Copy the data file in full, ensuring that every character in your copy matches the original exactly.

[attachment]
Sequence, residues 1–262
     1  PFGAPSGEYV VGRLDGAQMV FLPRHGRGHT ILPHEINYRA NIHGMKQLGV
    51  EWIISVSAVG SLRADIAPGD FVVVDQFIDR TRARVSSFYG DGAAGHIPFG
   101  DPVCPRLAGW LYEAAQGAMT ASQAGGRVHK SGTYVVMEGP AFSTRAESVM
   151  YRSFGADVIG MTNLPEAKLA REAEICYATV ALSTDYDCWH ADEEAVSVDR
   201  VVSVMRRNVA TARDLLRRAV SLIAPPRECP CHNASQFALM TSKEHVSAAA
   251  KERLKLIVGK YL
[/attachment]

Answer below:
Sequence, residues 1–262
     1  PFGAPSGEYV VGRLDGAQMV FLPRHGRGHT ILPHEINYRA NIHGMKQLGV
    51  EWIISVSAVG SLRADIAPGD FVVVDQFIDR TRARVSSFYG DGAAGHIPFG
   101  DPVCPRLAGW LYEAAQGAMT ASQAGGRVHK SGTYVVMEGP AFSTRAESVM
   151  YRSFGADVIG MTNLPEAKLA REAEICYATV ALSTDYDCWH ADEEAVSVDR
   201  VVSVMRRNVA TARDLLRRAV SLIAPPRECP CHNASQFALM TSKEHVSAAA
   251  KERLKLIVGK YL